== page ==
Tuesday, June 3, 2014

Successful Author Visits: For Schools

Author Visit

How to Have Great Author Visits at Your School

The other day, I wrote a blog directed at authors who hope to have a successful school visit. Today, I want to concentrate on what schools can do to assure that the school visit they are planning will be a huge success.

Before you Call to Invite an Author:

Have a list of questions you want to ask and have another list with things the author will want and need to know. I know this sounds overly simplistic, but trust me ... as an author who has done my share of school visits, you would be surprised at the number of schools who make the initial call with no idea of even when exactly the school visit will be, or how much they can afford.

Information to Have on Hand Before You Call:
* Date of School Visit
* A rough idea of what the school can afford (fee, travel, room & food)
* Number of groups/presentations you need and ages of students in each
* Whether you plan on inviting the media (radio, TV, newspapers)
* Where you intend the presentations to be (auditorium, library, etc.)
* School's contact info

Questions to Ask on the First Call:
* Are you available on the date we have in mind?
* Author's fee for the day
* Ideas to help the school afford them in the present economy.
* How many presentations can/will you do per day?
* What the presentation will entail
* Does the author allow for Q&A at the end of the presentation?
* Do you need a microphone?
* What props will you need?
* How many children per group are you comfortable speaking to?
* Do you give schools/students a discount on price of books?
* How do you arrange book sales? Book signing?
* Once arranged, ask for a contract/invoice from author to be sent


Make sure the children and teachers know there will be an author/poet coming to the school. Familiarize the students with the author and author's work. Some things that work well are:

* Read a bio about the author in class
* Take students to author's website
* Hang a photo of the author in the classroom
* Make welcome banners and displays to help generate excitement
* Draw illustrations of author's work, then hang in rooms and hallways
* Read excerpts of author's work on P.A. system each morning
* Have students each make a list of questions to ask the author
* Send book pre-order home with children so parents can plan book cost
* Invite parents to attend their child's author presentation
* If school has marquis, put school visit date and author's name on it
* Call media to announce upcoming author school visit
* Make sure school office staff knows about and will greet the author

Anything the school can do to make this an exciting time for students is helpful. Most authors will work with the school, if you ask them, so keep in touch by phone and trade ideas before the school visit. I know one school I visited actually used the fact that I go by my initials (CJ), and held a contest with the students about what the initials really stood for. It was fun for everyone, and the winner got to have her picture taken with me to put in their school's yearbook.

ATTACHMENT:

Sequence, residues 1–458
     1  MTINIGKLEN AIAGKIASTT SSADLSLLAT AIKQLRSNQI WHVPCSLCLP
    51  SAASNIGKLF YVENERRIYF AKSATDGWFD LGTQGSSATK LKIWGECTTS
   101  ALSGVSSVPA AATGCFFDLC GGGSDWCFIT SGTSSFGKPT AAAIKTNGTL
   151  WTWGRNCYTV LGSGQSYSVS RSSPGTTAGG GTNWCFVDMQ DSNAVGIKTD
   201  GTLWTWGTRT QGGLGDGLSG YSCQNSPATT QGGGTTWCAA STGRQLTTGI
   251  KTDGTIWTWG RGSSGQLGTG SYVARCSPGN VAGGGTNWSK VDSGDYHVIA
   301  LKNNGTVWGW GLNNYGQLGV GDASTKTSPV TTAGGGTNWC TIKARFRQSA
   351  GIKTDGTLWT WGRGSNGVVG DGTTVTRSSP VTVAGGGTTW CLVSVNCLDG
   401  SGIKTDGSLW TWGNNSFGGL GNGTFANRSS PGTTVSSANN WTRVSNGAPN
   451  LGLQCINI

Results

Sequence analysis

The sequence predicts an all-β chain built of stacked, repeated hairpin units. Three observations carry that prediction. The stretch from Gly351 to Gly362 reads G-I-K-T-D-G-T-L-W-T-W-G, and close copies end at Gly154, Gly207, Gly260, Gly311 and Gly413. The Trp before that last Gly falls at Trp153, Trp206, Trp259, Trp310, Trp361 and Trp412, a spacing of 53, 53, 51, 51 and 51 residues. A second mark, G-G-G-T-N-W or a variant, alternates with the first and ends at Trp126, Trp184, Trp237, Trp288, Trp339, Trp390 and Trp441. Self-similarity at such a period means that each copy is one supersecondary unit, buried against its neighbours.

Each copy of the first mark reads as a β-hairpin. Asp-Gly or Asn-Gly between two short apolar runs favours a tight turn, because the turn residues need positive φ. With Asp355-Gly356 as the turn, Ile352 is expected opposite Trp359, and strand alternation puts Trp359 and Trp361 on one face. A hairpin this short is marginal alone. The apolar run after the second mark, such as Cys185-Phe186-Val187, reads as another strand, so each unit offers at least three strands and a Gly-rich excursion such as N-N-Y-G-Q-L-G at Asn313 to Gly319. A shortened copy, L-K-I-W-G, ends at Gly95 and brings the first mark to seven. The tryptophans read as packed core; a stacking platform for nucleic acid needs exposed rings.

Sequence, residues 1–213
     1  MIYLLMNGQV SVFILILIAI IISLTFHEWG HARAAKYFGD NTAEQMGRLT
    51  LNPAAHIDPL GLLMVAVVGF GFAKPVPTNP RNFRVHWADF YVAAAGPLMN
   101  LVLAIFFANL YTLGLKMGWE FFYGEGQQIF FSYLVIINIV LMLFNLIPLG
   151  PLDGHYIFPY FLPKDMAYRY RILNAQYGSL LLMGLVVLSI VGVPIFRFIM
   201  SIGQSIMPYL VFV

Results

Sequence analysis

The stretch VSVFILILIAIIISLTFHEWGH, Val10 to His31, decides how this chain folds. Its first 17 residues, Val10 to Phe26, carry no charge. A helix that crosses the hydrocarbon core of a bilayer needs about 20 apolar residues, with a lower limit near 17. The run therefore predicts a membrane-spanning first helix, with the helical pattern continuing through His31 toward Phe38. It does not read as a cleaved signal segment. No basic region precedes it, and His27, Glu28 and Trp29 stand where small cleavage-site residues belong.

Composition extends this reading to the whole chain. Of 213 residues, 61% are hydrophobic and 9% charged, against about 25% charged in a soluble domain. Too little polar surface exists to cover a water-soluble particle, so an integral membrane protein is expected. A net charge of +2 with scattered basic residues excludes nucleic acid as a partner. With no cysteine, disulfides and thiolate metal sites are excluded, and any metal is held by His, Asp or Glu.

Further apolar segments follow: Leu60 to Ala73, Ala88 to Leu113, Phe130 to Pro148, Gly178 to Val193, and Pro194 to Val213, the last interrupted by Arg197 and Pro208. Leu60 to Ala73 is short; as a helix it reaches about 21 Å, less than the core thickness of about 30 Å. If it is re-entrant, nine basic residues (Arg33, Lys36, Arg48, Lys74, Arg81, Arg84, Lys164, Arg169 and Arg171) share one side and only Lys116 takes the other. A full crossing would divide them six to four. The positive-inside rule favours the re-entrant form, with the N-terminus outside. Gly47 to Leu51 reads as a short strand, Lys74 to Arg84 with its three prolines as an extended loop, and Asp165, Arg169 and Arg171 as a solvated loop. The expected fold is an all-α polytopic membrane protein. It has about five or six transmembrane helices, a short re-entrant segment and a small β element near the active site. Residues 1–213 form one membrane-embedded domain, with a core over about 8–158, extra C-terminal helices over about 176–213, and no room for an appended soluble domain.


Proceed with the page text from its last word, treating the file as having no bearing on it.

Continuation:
Another school got very creative when the school district cut their funding. To help cover the cost of an author school visit, they held (prearranged with me, of course) a "Dinner With The Author Night". They advertised in the local newspaper and radio that the school was holding a raffle for dinner with the author and sold raffle tickets through the students and the school office. The cost was $2.50 per ticket. The school was able to have the author visit ... and I had a wonderful time at dinner with the delightful winning family.

There are all sorts of ways to overcome the cutbacks in school funding in this crazy economy. Talk to the author you are thinking of hiring for your school visit. See what things have worked for them in the past and ideas they may have for your school for now.

I know I have often donated a some books to schools so they can sell tickets for a book lottery. Then on the day of my school visit, they had me draw one name during each of my presentations for the winner. That worked very well and generated a lot of excitement both before the school visit and during each presentation.

A few more helpful notes: during the presentations, please have the teachers remain with their classes. Children always behave better when they are seated near their teachers. Please don't put the author in the position of being a disciplinarian. They have enough to focus on and may even be dealing with a little stage fright, believe it or not.

In closing, if you've put the author up for the night in a motel, give them a call. Being in a strange town can be a lonely experience. You could offer to take the author out to dinner. They will probably decline, wanting some time alone to prepare for the next day, but I guarantee, the author will certainly appreciate being asked.

I hope your school visit will be a success in every way! If this article has helped you and you want to show your appreciation ... invite ME to your school (wink) ...


“A writer soon learns that easy to read is hard to write.” ~CJ Heck

No comments: